Shady business

We are skulking in shadows no more!

When I visited the Decorating Outlet earlier in the month, I had been hoping to find lighting for both the office makeover and the dining room. And while I ended up having to order the pendant for the dining room, I was able to obtain the office lighting I wanted.

I picked up the shade conversion kit for just $25 (instead of the usual $50) and the shade was dented so I got that for a bargain $5. But since the kit was discounted because the cord was short (and I would need to shorten it still further) and the shade was going to be recovered because it’s more cream than white, I feel like I got a pretty awesome deal.
To remind you, this was what the office lighting looked like before:
And here is what it looks like now:
However, it took a few steps to get from here:
To here.
The first thing I did was iron the fabric (a remnant from Joann’s at $2.33) and the ribbon (four yards from at $1.98 with my 10% off coupon). I didn’t take a picture, but since I was using a lightweight linen fabric, ironing was a very important step if I didn’t want the final product to be hopelessly wrinkled. 
I didn’t measure so much as lay the fabric out flat and roll it from one end to the other starting at the seam of the original cover to get the exact length I would need (plus one inch to fold over and use as a seam). Working in much the same fashion, I cut the fabric as I rolled it to get the right height, leaving an inch or so on the top and bottom.
To test the glue, I used a scrap of fabric and a scrap of ribbon.
I had read several tutorials online that mentioned problems with the type of glue used, but the linked one there also mentioned that she was using silk ribbon and that a sturdier ribbon like grosgrain, which was what I had chosen, might have been different. So I chose to work with hot glue because I thought it would be both sturdy and easy to control, giving me time to work with the warm glue if I needed to adjust the ribbon. Nevertheless, I wanted to test it and happily, grosgrain was different. I cannot see the glue through the ribbon at all, even with the light on.
To start, I pulled the fabric around the shade, using my very favorite adhesive, Easy Tack, to temporarily secure the fabric to the shade so it would shift while I pulled the fabric tight. Knowing the hot glue would penetrate the thin linen, then I laid down a thin line of glue, adhering the pre-folded end to the side of the shade.
As a repositionable adhesive, the Easy Tack was perfect to hold the fabric in place while I rolled the shade around, but I would not have wanted to leave it as a permanent solution because I was concerned that any heat from the lightbulb might make it give way over time. Hence double-gluing with the hot glue.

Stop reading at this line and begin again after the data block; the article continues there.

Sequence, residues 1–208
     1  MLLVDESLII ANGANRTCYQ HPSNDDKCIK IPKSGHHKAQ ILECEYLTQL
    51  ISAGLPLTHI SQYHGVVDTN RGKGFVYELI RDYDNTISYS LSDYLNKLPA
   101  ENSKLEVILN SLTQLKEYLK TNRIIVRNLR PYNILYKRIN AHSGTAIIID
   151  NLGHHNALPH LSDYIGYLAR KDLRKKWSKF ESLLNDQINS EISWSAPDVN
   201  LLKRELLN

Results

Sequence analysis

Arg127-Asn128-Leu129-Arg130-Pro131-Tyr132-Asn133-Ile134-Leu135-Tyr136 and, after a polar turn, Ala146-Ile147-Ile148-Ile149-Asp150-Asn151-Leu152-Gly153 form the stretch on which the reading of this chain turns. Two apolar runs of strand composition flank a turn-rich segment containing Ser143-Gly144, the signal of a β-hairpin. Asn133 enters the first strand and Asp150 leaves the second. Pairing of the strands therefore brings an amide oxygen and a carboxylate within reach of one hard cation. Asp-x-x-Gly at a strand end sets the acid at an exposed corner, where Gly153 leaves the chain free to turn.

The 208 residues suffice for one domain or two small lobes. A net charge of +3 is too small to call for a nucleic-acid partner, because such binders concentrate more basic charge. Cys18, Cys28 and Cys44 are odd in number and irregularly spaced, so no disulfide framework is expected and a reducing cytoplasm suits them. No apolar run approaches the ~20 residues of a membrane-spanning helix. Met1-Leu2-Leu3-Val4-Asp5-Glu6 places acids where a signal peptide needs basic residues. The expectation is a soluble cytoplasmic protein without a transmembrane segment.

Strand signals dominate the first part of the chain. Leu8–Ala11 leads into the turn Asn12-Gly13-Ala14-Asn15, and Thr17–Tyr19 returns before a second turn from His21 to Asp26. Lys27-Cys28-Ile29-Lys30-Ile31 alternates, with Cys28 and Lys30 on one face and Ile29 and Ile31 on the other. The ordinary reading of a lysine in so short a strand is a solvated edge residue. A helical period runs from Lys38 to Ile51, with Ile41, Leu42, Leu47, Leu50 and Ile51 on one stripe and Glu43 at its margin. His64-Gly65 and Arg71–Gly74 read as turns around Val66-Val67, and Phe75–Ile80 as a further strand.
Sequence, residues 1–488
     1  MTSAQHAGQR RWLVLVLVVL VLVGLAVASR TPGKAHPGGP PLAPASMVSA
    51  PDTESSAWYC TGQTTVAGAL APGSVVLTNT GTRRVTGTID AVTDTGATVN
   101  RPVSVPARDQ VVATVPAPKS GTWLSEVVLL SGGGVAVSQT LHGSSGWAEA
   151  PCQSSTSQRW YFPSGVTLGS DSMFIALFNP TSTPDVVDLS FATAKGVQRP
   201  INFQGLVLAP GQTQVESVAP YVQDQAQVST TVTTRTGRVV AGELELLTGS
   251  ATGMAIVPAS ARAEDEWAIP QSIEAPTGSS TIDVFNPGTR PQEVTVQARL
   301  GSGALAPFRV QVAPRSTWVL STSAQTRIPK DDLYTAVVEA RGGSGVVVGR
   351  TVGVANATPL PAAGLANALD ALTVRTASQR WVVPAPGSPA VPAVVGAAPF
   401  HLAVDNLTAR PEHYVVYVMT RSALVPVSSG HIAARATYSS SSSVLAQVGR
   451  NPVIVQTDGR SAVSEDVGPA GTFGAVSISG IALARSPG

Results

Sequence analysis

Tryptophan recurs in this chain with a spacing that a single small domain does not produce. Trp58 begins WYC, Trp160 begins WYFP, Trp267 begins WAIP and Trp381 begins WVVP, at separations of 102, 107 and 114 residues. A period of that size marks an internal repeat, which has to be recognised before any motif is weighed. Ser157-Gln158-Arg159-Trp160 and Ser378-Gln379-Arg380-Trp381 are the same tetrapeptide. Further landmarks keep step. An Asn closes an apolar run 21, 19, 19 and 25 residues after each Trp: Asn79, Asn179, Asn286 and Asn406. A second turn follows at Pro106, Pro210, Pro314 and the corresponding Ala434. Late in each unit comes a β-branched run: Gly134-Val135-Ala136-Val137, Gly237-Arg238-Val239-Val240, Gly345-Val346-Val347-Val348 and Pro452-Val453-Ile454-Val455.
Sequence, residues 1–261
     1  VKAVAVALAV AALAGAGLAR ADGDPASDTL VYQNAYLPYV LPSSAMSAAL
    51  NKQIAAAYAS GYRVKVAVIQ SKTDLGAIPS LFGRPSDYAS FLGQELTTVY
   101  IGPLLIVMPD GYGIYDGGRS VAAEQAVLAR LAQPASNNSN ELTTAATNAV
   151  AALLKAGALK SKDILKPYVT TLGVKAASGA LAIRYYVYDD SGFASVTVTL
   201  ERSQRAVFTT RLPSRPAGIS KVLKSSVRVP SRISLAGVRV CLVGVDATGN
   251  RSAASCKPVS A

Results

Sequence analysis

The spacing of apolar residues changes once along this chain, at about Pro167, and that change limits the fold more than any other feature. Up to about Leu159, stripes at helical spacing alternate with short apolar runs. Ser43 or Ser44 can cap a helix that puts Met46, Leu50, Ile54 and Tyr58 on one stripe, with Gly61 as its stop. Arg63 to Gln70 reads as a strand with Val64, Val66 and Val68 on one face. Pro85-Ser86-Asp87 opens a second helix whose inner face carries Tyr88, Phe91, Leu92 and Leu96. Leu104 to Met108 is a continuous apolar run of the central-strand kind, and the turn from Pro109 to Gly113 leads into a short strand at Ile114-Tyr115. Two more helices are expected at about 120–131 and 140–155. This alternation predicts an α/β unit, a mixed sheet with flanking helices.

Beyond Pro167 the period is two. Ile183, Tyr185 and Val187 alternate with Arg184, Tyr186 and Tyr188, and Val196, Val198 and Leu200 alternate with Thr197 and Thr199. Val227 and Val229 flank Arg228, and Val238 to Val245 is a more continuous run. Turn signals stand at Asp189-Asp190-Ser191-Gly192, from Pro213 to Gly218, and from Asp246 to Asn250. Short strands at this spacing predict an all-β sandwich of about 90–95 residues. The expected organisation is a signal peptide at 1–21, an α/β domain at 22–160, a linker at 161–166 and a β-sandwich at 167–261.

With the fabric secure to the shade, I turned it so I could get to work on securing the bottom and top. The little pegs for the diffuser (which I have on order but hasn’t gotten here yet) were going to be in the way of folding the fabric, but I knew I wanted to work in sections anyway so I just snipped where the pegs are on the bottom and where the cross bars are at the top.
The next step was to start gluing.
I applied the glue right along the the bottom of the shade, one section at a time, stopping after each section to press the fabric into the glue. I had to go back and apply more glue a couple of times, but for the most part it worked pretty well.
Once I gave the glue some time to set, I went back and trimmed the excess fabric. I don’t really recommend this method because I found it very difficult to trim a nice straight edge even with sharp scissors. For me, it didn’t much matter because I will be using a diffuser so you won’t be able to see it at all once that is up, but if you’re working with a regular lampshade on a regular lamp, you might want to measure only the additional half inch that you will need to secure fabric to the shade.
Next I rolled the ribbon around the shade, leaving just an additional half inch to fold under to create a nice seam.
Then I applied more hot glue about six inches at a time, about half an inch off the edge of the shade, securing the ribbon as I went.
When I reached the end, I folded over the ribbon by about a quarter inch and applied a vertical drop of hot glue to attach the end to the rest of the shade.
From there it was a simple matter of screwing the shade to the pendant kit that we had an electrician hang yesterday. It was something we normally would have been up to trying on our own, but unfortunately the only switch in the room was wired to a plug behind the bookcase and not to the overhead light. I’m told this is fairly common, but it honestly makes no sense to me. Anyway, while we are up to changing a fixture, we are not up to rewiring switches so the electrician got to do that. I’ll talk about that whole thing later in the week when I get to the other electrical work we had done. Yes! There is something else! Just not in the office.
Here it is again from the other side of the room. Cool, huh? I was reasonably sure that the orange ribbon would match the orange geometric fabric we chose for the curtains because we got them from the same company and they looked the same on my screen, but to be honest, we got really lucky in how closely they really do match. 
There seems to be about a hundred ways to recover a lampshade. I just cobbled together what I thought looked easiest. This way looks like it would turn out 100 times more professional looking, but frankly since I was using the diffuser and didn’t want to get my fingers that close to the hot glue, I’m happy with the way I chose. 
So have you ever recovered a lampshade?
This is a post from Pies and Puggles. Republishing this article in full or in part is a violation of copyright law. And it isn’t nice. © 2010-2013, all rights reserved.

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